5

Funny, I asked myself the same thing last year, and eventually found an interesting answer in the Hertz Chumash. Hertz comments that: The same Hebrew root signifies both 'naked' and 'subtle, clever, mischievous'. Seeming simplicity is often the most dangerous weapon of cunning. The gliding stealthy movements of a serpent is a fitting symbol of the ...


0

Breishis And God called the light day, and the darkness He called night, and it was evening and it was morning, one day. ה. וַיִּקְרָא אֱלֹהִים | לָאוֹר יוֹם וְלַחשֶׁךְ קָרָא לָיְלָה וַיְהִי עֶרֶב וַיְהִי בֹקֶר יוֹם אֶחָד: And God called the expanse Heaven, and it was evening, and it was morning, a second day. ...


4

I remember seeing that rishon, what you are calling an ordinal number, is only in reference to something else, i.e. the day before or the day after, neither of which existed. Therefore echad was used. This is said by the Ramban.


7

Rashi says it is "the day of the One". Because the angels weren't created until day two, God was the only sentient being on this day. Obviously this reason doesn't apply from day two onwards, per Rashi's words. Kli Yakar prefers to say that the verse is asserting that one God created both light/day, and dark/evening, as the Sages would take care to mention ...


5

אור is a singular noun meaning "light". מאורות (expanded form) is a plural noun meaning "[things that] give off light". You are correct in noticing that they share the root of אור.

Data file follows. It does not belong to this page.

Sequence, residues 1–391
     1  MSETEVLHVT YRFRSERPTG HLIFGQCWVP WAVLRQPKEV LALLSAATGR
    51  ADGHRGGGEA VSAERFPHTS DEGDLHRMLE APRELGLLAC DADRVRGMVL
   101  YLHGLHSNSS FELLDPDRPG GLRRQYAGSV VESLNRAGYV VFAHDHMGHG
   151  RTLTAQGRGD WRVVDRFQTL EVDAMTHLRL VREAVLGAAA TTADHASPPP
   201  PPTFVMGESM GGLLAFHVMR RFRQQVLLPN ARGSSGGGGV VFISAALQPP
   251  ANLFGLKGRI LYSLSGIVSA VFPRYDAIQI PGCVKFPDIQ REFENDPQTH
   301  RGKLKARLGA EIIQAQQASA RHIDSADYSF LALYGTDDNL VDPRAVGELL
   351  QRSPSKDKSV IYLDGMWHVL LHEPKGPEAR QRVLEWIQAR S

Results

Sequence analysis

-3

"The Rebbe" is sufficient. We all know who we are talking about by now when this is said. People sometimes purposely pretend this is ambiguous for whatever personal reason but we all know who we are talking about. The Rebbe is not only the Rebbe for his chassidim but for all yidden. Even other chassidic Rebbes went to him for brochos and advice (btw there ...


0

Shmos 4:3 When Hashem has Moshe throw his staff down, it turns into a Nachash. Here Aharon throws down his own staff and it turns into a Tanin. At the river, Moshe is told take the staff that originally was turned into a nachash on the mountain (his own staff) and warn Par'o. Then in sentence 19, Hashem tells Moshe to tell Aharon to take his staff and ...


2

Kittel is German and means "smock, overall". The ultimate etymology of the German word is debated. See this: http://www.dwds.de/?qu=kittel


0